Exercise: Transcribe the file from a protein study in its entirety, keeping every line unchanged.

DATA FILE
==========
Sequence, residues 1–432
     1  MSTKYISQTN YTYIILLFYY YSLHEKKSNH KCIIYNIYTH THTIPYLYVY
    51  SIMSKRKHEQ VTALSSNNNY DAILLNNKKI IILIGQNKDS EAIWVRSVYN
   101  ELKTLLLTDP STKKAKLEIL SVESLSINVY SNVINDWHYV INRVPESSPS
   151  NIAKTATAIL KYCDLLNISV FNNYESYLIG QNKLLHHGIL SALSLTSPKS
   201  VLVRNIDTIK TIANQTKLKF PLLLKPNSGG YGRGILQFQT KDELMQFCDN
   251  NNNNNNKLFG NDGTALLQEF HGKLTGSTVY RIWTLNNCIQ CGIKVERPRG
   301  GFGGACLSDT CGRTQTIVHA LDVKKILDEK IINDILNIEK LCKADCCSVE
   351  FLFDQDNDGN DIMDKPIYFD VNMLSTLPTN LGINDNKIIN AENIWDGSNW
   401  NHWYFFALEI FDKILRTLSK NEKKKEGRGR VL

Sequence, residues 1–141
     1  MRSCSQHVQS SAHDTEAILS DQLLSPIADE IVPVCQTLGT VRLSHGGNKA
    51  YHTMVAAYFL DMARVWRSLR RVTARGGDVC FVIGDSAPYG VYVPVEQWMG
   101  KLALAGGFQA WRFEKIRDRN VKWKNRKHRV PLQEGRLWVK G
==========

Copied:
Sequence, residues 1–432
     1  MSTKYISQTN YTYIILLFYY YSLHEKKSNH KCIIYNIYTH THTIPYLYVY
    51  SIMSKRKHEQ VTALSSNNNY DAILLNNKKI IILIGQNKDS EAIWVRSVYN
   101  ELKTLLLTDP STKKAKLEIL SVESLSINVY SNVINDWHYV INRVPESSPS
   151  NIAKTATAIL KYCDLLNISV FNNYESYLIG QNKLLHHGIL SALSLTSPKS
   201  VLVRNIDTIK TIANQTKLKF PLLLKPNSGG YGRGILQFQT KDELMQFCDN
   251  NNNNNNKLFG NDGTALLQEF HGKLTGSTVY RIWTLNNCIQ CGIKVERPRG
   301  GFGGACLSDT CGRTQTIVHA LDVKKILDEK IINDILNIEK LCKADCCSVE
   351  FLFDQDNDGN DIMDKPIYFD VNMLSTLPTN LGINDNKIIN AENIWDGSNW
   401  NHWYFFALEI FDKILRTLSK NEKKKEGRGR VL

Sequence, residues 1–141
     1  MRSCSQHVQS SAHDTEAILS DQLLSPIADE IVPVCQTLGT VRLSHGGNKA
    51  YHTMVAAYFL DMARVWRSLR RVTARGGDVC FVIGDSAPYG VYVPVEQWMG
   101  KLALAGGFQA WRFEKIRDRN VKWKNRKHRV PLQEGRLWVK G